Exclusive - Seamus Coleman should be back in action before the end of 2017
Ireland captain Seamus Coleman could be back in action before the end of 2017, according to one of the game’s top medical experts.
Coleman was initially expected to be out for up to 12 months after he suffered a possible double leg break in a clash with Wales defender Neil Taylor while playing for Ireland in the World Cup qualifier against Wales in Dublin last month.
Yet former Manchester United and Southampton physio Matt Radcliffe, who has helped to ease Manchester United Luke Shaw back to full fitness following his double leg break last season, believes Coleman could be playing again as early as December.
In an interview with Independent.ie, Radcliffe has set out a roadmap for Coleman’s comeback, as he provided a more upbeat diagnosis for the 28-year-old full-back.
“There is no reason why Coleman should not be back in training in November and playing again a few weeks later,” Radcliffe told us.
“The big concern with an injury like this is nerve damage, but if it was a clean break and there are no infections or complications from the operation, I would expect Coleman to be back in training later this year and he could play again in 2017.
“You look at Luke Shaw’s injury with Manchester United last season and he had a double leg break in September. He was all-but ready to return in April, but United were keen not to rush him back for vital end of season games.
“So I would not be so pessimistic about Coleman’s injury. There are always issues surrounding the mental side of recovering from this kind of injury because there can be psychological scars left.
“A player needs to convince himself that he can go in to the same challenges he did before the injury, but Coleman strikes me as a strong-minded guy and I think he will be fine.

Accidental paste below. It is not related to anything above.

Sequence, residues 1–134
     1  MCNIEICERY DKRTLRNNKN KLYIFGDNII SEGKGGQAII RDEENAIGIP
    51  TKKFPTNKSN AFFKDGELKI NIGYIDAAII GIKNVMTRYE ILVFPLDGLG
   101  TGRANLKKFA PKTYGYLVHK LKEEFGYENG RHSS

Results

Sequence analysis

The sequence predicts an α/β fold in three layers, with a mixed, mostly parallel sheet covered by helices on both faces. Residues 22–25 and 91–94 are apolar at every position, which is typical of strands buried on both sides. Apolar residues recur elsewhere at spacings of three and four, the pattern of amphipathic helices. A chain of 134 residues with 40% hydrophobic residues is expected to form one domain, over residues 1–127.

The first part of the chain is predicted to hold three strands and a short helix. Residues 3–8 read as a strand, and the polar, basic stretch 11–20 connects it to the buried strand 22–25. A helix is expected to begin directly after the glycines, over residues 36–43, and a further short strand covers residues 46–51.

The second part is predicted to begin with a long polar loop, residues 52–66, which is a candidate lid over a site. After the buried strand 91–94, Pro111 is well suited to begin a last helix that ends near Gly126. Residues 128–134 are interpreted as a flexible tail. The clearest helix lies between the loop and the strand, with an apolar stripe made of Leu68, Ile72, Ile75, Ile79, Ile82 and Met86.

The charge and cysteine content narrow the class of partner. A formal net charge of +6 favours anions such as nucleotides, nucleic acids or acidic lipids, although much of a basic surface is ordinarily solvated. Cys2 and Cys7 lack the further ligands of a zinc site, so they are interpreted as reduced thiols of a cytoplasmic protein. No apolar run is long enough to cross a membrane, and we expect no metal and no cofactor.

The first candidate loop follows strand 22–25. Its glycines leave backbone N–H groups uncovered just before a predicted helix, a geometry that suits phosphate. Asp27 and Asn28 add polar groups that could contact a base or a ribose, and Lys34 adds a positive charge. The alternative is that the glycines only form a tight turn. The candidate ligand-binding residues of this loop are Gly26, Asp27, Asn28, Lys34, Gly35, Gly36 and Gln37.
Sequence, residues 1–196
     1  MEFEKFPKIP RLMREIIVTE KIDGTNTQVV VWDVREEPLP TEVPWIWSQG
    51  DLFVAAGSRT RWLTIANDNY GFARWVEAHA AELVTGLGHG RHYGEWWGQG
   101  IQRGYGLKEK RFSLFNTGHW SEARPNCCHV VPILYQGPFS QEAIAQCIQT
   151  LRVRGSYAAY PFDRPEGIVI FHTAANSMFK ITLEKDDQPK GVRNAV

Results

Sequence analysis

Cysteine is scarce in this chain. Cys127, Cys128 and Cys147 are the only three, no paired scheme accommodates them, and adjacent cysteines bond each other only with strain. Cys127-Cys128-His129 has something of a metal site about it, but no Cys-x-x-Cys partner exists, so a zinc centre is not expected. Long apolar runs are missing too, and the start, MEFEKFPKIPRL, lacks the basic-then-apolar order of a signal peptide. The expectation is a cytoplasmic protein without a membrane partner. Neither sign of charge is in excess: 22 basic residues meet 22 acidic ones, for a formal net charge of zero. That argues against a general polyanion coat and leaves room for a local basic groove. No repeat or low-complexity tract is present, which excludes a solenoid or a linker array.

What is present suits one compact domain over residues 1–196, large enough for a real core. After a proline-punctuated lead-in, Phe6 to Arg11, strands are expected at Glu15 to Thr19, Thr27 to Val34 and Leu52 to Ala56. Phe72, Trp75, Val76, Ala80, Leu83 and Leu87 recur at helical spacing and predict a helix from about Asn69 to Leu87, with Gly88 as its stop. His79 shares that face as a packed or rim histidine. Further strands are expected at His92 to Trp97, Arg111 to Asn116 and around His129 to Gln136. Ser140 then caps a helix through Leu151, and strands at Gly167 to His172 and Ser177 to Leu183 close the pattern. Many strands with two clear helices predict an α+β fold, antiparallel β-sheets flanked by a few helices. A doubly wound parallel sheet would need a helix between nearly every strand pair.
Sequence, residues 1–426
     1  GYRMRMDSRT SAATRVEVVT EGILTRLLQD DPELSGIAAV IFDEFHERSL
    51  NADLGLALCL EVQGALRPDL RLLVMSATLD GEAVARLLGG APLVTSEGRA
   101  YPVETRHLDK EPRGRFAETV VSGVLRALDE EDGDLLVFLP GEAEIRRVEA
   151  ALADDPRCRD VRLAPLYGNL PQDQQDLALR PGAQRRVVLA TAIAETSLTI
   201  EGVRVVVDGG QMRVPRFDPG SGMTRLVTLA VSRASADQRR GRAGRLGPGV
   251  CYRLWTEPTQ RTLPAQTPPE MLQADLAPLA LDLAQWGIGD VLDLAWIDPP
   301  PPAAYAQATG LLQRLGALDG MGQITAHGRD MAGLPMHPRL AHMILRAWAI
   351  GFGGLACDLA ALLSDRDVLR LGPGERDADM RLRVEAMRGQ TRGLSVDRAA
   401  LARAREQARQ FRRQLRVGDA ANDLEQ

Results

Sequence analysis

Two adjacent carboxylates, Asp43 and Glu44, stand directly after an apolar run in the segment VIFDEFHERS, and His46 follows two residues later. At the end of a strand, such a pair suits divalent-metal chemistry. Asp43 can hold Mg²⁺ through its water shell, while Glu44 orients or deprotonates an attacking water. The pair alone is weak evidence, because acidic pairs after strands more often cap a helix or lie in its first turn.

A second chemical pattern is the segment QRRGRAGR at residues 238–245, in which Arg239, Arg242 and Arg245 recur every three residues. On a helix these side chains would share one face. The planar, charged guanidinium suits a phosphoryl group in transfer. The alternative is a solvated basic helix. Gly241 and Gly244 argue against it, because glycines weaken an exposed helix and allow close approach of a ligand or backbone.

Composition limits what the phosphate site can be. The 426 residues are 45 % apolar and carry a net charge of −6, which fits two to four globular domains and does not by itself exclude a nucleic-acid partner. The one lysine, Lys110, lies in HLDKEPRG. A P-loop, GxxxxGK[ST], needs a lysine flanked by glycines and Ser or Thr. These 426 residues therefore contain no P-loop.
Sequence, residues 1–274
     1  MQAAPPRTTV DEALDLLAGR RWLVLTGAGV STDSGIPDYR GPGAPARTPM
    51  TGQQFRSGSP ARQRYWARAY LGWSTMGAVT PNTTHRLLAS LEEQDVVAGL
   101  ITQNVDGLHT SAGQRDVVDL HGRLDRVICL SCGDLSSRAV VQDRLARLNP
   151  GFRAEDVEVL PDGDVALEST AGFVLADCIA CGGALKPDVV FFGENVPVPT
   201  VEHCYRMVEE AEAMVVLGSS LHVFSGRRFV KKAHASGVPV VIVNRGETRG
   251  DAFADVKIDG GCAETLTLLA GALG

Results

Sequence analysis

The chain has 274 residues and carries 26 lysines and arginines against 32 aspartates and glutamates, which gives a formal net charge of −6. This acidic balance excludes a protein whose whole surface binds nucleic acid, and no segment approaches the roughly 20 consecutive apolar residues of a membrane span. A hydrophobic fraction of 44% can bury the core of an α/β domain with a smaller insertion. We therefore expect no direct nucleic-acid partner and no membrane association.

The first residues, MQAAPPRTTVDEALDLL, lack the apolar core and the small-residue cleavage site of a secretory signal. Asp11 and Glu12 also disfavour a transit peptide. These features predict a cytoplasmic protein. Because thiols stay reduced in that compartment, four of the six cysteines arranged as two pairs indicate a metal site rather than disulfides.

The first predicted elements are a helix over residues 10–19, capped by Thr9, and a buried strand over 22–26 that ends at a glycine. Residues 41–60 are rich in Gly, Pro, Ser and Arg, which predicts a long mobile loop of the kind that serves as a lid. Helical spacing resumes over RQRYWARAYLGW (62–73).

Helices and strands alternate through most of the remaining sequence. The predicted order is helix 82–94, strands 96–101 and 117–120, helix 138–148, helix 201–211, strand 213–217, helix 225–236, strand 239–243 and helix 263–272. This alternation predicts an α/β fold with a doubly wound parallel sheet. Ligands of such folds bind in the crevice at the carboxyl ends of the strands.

“I would not be surprised to see Coleman getting back into training at some point later this year and there should be every chance that he could play again in 2017.”
Radcliffe has done some medical work with Wales defender Taylor and believes his own injury record may have contributed to his tackle on Coleman.
“Taylor is a good lad and he has also suffered a broken ankle himself in the past,” he continued. “When you have had that kind of injury, you tend to protect yourself when you go in to big tackles to make sure you don’t come off worse.
“He is not a nasty player in any way and is a good lad, but the tackle was a bit over the top of the ball and all involved are unlucky that we are in this position now.
Radcliffe outlined the recovery programme for Coleman, as he suggested the Everton defender should already be back on his feet.
“He will have had a pin inserted into his leg and that will remain in there even when he returns to action,” added Radcliffe.
“There will be cuts in the leg to allow the blood to drain and you just hope that everything settles down and the recovery comes without complications.
“Two metal plates and the pin will remain in the leg and that the injured leg will ensure it is stronger than his other one when he returns.
“The aim will be to get the player back on his feet two weeks after the injury and then the road to recovery can begin.”